compassion toward all life. It is argued that tropical forests are favourable places to
meditate because of their natural and peaceful environment, many temples are built in
forests. Since these forests are considered as sacred space, biodiversity is thus preserved
(Sponsel, 1993).
Confucianism and Taoism, two of the major Chinese religions and philosophies
introduced the concept of the unity of nature and human beings. This concept traced back
to the creation of the Chinese character, “天”, meaning “nature”. The character contains
three parts which include the meanings of earth and human. The creation of this character
shows the Chinese way of thinking toward the world. Both Taoism and Confucianism
believe in the need for harmony between nature and human beings. They appraise
“simple way of life” and discourage technological development. They view technology as
a danger which may destroy the simplicity of “heart” and lead to uncontrollable state of
mind, thus the way to wisdom will be lost (sishuwujing, 1983). Apparently such kind of
approach to world is in favour of the conservation of nature and sustainable use of natural
resources, however, the environmental problems in China show that the reality is not in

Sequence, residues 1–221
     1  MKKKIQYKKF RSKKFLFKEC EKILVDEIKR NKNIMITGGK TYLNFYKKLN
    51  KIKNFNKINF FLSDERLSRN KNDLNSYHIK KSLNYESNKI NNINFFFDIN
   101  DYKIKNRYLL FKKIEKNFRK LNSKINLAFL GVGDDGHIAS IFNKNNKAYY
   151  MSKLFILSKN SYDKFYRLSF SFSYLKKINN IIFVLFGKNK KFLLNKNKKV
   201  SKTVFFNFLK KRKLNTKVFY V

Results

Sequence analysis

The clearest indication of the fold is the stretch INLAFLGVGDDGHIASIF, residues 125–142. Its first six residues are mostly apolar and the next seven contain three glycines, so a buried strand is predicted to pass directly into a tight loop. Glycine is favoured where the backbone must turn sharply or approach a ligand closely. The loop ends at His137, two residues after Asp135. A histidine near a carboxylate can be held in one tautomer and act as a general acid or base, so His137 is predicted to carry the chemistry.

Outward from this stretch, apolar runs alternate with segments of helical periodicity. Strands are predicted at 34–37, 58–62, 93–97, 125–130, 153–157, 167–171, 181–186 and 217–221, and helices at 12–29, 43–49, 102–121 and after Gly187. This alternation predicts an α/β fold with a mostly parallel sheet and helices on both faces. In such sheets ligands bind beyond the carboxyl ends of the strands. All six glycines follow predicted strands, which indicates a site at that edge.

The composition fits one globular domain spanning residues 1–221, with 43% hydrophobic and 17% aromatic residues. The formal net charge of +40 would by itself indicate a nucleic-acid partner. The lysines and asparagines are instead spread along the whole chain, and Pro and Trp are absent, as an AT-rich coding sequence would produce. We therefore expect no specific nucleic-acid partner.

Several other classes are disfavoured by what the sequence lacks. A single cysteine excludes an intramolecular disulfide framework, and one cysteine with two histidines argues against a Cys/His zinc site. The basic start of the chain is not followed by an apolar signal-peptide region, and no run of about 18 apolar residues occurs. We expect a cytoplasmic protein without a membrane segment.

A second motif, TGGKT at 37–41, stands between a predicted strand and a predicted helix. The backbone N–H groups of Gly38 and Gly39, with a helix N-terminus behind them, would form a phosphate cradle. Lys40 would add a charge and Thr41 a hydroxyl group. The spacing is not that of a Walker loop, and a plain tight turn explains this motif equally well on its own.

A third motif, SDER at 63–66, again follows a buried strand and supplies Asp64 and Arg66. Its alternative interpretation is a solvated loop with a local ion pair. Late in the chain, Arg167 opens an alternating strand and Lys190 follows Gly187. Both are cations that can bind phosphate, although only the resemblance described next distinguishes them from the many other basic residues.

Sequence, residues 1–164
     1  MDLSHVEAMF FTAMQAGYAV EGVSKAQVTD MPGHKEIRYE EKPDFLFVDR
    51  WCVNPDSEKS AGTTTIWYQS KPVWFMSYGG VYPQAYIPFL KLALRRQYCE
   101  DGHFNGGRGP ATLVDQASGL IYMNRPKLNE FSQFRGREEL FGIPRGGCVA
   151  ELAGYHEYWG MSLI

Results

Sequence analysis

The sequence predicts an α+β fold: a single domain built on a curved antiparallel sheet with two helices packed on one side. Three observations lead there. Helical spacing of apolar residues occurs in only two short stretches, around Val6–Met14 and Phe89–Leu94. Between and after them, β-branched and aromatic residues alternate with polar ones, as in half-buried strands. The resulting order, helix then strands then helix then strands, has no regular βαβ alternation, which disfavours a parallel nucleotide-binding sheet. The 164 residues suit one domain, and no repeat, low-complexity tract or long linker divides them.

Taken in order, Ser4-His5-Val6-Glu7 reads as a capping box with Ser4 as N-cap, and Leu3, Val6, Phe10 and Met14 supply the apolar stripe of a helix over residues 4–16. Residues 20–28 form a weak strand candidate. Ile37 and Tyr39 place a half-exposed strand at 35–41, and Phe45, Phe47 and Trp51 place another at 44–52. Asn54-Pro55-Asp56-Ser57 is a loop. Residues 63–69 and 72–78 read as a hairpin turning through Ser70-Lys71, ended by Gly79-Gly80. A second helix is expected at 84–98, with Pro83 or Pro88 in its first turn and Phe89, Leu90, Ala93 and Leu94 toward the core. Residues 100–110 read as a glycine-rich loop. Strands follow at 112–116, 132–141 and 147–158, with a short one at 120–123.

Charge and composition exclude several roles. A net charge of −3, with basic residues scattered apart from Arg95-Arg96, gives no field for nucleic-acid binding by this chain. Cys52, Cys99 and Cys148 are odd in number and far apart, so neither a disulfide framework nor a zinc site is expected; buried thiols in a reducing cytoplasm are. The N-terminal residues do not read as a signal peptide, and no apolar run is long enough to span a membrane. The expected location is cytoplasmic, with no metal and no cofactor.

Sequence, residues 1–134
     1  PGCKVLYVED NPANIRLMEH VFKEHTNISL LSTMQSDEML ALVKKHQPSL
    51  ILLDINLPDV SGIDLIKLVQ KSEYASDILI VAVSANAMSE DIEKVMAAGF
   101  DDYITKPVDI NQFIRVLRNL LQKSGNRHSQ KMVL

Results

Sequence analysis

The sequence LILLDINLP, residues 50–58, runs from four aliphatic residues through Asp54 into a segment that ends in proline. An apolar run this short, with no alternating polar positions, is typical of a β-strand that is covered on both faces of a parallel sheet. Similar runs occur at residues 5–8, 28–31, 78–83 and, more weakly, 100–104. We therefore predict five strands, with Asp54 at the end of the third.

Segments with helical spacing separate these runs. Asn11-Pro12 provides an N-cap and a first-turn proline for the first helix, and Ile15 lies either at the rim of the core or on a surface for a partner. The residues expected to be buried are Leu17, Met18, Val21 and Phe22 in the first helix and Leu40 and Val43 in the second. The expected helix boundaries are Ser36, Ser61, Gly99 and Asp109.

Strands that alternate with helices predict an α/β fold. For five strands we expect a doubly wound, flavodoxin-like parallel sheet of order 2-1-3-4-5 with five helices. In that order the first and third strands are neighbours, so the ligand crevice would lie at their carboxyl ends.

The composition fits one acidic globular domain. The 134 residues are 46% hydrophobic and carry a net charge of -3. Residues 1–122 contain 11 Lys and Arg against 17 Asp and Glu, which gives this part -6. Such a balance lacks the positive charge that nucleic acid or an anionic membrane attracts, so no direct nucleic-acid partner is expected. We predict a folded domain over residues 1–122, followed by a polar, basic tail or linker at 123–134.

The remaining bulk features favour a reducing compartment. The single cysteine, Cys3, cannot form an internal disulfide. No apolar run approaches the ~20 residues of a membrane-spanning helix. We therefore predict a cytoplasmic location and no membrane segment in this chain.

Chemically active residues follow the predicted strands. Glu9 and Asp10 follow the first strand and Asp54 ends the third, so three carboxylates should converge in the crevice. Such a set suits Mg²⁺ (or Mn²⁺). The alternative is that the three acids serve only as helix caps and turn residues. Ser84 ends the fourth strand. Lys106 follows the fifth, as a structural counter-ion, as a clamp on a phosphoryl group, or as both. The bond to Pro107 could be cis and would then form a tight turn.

accord with the traditional ideology.
It may be true that some of the religious ideas are more in favour of the ecosystem and
nature and some are less. But whether there is a cultural mechanism as such which
contributes to the biological conservation or whether it is only the modern illusion about
the wisdom of the past, it still needs to be further explored. If such a cultural mechanism
exists, research has to be carried out on how this mechanism works and how it maintain
its power under the overwhelming force of market economy.
4.3 Biodiversity and languages and indigenous knowledge
The correlation between linguistic and cultural diversity and biodiversity becomes visible
if one compares the geographical distribution of these diversities. According to the
booklet of UNESCO – Terralingua – World Wild Fund for Nature published 2003 it is
found out those 7 out of 9 high ranking countries for linguistic diversity are covered by
17 high ranking countries for biological diversity. The 25 top countries for the number of
endemic languages include 13 of 17 biological megadiversity countries. They also found
out humid tropical climates appear to be especially favourable to both biological and
linguistic diversity.
Unfortunately tropical forests are often threatened areas where the languages are facing